• The theory requires the relation v=HD to hold at all times, where v is the recessional velocity, H is the Hubble constant, and D is the proper distance.

  • Direct observational evidence of the cosmological principle and the Copernican principle supports the theory that space is undergoing metric expansion.

  • The discovery of the cosmic microwave background radiation by Penzias and Wilson in 1964 provided substantial confirmation of the Big Bang predictions.

  • The relative abundances of light elements in the universe predicted by Big Bang models have been observed to agree with measurements, providing strong evidence for the theory.

  • Observations of the morphology and distribution of galaxies and quasars, as well as populations of stars, support the current state of the Big Bang models.

  • Pristine clouds of primordial gas have been found to have formed in the first few minutes after the Big Bang, providing further evidence for the theory.

  • The age of the universe as estimated from the Hubble expansion and the CMB is in good agreement with other estimates using the ages of the oldest stars.

  • Dark energy remains one of the great mysteries of the Big Bang, with negative pressure believed to be a property of vacuum energy.

  • Some mysteries and problems in the Big Bang model have been resolved, while others are still outstanding, such as the baryon asymmetry and the details of inflation theory.Key Problems in the Big Bang Theory

  • Dark energy remains a mystery, with various theories attempting to explain it.

  • Dark matter is believed to make up around 90% of the universe's matter, but it cannot be observed directly and has only been inferred from its gravitational influence.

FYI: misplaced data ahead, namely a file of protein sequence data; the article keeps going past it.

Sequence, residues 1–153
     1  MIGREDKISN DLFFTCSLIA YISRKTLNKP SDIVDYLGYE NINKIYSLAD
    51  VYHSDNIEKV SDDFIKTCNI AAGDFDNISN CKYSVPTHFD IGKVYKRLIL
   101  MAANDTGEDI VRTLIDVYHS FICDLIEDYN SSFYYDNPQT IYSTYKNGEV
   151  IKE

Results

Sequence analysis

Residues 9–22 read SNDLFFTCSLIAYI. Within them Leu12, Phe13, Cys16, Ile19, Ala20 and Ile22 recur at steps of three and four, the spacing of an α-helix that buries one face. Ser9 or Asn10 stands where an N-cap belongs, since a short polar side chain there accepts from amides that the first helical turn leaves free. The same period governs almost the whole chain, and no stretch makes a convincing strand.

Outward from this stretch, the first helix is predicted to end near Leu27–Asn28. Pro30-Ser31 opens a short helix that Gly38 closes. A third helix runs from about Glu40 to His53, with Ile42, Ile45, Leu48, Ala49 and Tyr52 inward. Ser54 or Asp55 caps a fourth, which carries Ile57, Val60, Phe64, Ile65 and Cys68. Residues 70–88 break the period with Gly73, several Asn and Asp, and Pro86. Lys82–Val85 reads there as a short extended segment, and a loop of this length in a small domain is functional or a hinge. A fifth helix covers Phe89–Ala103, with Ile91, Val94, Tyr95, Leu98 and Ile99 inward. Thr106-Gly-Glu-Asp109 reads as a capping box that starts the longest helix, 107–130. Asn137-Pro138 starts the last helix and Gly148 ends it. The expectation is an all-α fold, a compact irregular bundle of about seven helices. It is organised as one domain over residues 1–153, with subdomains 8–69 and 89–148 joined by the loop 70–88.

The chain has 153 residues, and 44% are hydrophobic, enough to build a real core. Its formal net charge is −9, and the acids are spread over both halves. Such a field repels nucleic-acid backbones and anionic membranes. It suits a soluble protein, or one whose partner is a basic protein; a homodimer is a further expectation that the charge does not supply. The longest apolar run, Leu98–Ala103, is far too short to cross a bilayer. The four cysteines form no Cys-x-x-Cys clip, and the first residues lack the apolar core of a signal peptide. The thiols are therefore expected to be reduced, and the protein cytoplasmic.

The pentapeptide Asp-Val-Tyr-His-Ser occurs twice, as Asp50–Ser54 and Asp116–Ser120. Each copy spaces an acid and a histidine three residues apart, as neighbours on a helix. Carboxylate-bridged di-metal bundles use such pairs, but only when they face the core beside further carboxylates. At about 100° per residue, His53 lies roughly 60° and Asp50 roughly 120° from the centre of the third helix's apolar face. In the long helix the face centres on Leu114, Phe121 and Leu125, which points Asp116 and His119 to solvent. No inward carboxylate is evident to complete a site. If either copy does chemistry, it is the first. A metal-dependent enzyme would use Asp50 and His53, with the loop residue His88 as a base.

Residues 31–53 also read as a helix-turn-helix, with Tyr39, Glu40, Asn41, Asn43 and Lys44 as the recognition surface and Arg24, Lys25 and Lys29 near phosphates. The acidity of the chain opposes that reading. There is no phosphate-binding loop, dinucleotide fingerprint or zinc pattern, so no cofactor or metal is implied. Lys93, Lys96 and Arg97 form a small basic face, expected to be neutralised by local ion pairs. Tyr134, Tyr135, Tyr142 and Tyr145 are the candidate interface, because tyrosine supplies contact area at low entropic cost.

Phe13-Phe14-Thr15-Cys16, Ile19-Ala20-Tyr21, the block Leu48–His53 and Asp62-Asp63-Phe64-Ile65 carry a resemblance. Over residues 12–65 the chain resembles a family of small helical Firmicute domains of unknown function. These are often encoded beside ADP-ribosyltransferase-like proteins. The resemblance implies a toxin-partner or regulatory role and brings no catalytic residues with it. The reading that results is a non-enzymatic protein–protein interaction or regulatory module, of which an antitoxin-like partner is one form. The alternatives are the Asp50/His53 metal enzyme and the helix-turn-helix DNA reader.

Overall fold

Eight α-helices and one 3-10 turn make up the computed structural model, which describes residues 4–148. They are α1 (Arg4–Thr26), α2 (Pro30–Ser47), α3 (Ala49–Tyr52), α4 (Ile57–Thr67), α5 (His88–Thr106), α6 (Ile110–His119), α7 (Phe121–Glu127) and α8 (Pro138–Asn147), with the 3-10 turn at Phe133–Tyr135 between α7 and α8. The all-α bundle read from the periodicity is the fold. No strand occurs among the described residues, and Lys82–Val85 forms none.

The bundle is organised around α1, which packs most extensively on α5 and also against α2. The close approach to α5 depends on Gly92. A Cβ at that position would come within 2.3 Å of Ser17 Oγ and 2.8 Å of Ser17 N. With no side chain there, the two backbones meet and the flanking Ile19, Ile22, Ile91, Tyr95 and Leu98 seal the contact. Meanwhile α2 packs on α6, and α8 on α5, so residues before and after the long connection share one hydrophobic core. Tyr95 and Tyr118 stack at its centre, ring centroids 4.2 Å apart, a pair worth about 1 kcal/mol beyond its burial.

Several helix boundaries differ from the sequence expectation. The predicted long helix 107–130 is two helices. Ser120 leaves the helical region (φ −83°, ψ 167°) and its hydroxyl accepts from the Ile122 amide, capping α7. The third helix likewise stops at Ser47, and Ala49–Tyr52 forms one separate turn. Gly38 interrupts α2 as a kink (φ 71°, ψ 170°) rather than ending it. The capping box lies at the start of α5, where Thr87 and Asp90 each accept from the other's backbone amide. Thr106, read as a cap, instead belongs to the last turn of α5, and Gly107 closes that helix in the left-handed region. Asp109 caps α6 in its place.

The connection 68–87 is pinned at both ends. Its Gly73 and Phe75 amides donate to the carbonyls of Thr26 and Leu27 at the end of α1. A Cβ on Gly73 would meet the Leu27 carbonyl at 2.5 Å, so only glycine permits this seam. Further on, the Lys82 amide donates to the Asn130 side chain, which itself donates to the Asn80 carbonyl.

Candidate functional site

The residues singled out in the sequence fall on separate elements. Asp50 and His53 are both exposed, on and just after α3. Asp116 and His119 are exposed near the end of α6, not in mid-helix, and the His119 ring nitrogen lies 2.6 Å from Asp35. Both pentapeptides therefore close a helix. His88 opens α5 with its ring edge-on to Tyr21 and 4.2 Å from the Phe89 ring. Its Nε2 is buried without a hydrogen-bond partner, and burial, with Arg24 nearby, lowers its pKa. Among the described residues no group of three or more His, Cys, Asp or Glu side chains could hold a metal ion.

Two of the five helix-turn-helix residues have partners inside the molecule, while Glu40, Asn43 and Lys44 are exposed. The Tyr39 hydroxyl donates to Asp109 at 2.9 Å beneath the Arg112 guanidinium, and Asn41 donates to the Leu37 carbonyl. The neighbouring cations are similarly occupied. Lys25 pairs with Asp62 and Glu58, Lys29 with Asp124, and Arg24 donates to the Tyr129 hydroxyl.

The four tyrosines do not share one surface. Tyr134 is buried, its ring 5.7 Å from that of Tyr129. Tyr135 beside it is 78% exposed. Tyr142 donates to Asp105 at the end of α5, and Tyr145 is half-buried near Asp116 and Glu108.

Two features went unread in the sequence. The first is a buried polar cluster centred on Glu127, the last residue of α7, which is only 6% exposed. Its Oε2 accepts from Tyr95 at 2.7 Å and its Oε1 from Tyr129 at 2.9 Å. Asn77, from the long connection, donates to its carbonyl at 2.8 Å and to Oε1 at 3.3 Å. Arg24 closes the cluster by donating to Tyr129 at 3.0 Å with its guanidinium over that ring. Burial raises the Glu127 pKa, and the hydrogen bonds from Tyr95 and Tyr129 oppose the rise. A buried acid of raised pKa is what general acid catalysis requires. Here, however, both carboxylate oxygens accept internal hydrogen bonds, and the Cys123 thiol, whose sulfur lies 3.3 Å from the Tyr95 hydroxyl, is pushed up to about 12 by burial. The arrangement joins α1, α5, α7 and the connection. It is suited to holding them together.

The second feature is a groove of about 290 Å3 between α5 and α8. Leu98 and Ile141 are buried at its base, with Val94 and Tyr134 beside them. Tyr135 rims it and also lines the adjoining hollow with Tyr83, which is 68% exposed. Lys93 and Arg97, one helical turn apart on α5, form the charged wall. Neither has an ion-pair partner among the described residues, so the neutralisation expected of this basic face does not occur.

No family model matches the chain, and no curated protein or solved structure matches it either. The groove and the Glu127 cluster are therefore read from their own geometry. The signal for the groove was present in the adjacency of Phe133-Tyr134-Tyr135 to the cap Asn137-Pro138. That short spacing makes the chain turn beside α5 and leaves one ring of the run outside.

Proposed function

• The horizon problem arises from the fact that information cannot travel faster than light, setting a limit on the separation of any two regions of space that are in causal contact. Inflation theory offers a resolution to this problem.

  • The flatness problem arises from the fact that any small departure from the critical density grows with time, and yet the universe today remains very close to flat.

  • The Big Bang model only describes the emergence of the present universe from an ultra-dense and high-temperature initial state and does not explain how energy, time, and space were caused.

  • The ultimate fate of the universe is not known, but modern observations suggest that more and more of the currently visible universe will pass beyond our event horizon and out of contact with us.

  • The Big Bang has significant bearing on religion and philosophy, with some believing it implies a creator and others arguing that it makes the notion of a creator superfluous.

  • The magnetic monopole problem was resolved by cosmic inflation, which removes all point defects from the observable universe.

  • Alternative theories to dark matter have been proposed, which modify the laws of gravity established by Newton and Einstein, but none have been as successful as the cold dark matter proposal in explaining all extant observations.

  • Inflation theory predicts that the primordial fluctuations are nearly scale-invariant and Gaussian, which has been accurately confirmed by measurements of the CMB.

  • The assumption that the universe is mostly normal matter led to predictions that were strongly inconsistent with observations, including the fact that the universe today is far more lumpy and contains far less deuterium than can be accounted for without dark matter.

  • The cosmological redshift is not identical to the classically derived Doppler redshift, and interpreting the redshift of more distant galaxies as due to the simplest Doppler redshift treatments can cause confusion.


Take our quiz on the Big Bang Theory and explore the fascinating origins of the universe. From the high-density and high-temperature state of the early universe to the cosmic microwave background radiation, this quiz covers the evolution of the observable universe and the evidence supporting the theory. Learn about cosmic inflation, dark matter, and dark energy, and discover the unsolved problems of the Big Bang model. Test your knowledge and deepen your understanding of one of the most intriguing scientific theories of all time.